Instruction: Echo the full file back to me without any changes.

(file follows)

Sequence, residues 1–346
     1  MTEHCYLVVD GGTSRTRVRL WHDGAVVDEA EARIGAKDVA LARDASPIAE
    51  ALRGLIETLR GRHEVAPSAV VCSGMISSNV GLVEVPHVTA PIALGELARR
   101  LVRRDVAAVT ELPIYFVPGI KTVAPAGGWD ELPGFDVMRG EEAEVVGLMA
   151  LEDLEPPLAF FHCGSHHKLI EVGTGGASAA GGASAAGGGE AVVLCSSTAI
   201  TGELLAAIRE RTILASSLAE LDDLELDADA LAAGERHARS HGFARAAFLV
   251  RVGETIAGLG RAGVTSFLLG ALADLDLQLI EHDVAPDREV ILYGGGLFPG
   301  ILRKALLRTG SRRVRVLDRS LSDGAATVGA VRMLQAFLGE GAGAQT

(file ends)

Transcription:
Sequence, residues 1–346
     1  MTEHCYLVVD GGTSRTRVRL WHDGAVVDEA EARIGAKDVA LARDASPIAE
    51  ALRGLIETLR GRHEVAPSAV VCSGMISSNV GLVEVPHVTA PIALGELARR
   101  LVRRDVAAVT ELPIYFVPGI KTVAPAGGWD ELPGFDVMRG EEAEVVGLMA
   151  LEDLEPPLAF FHCGSHHKLI EVGTGGASAA GGASAAGGGE AVVLCSSTAI
   201  TGELLAAIRE RTILASSLAE LDDLELDADA LAAGERHARS HGFARAAFLV
   251  RVGETIAGLG RAGVTSFLLG ALADLDLQLI EHDVAPDREV ILYGGGLFPG
   301  ILRKALLRTG SRRVRVLDRS LSDGAATVGA VRMLQAFLGE GAGAQT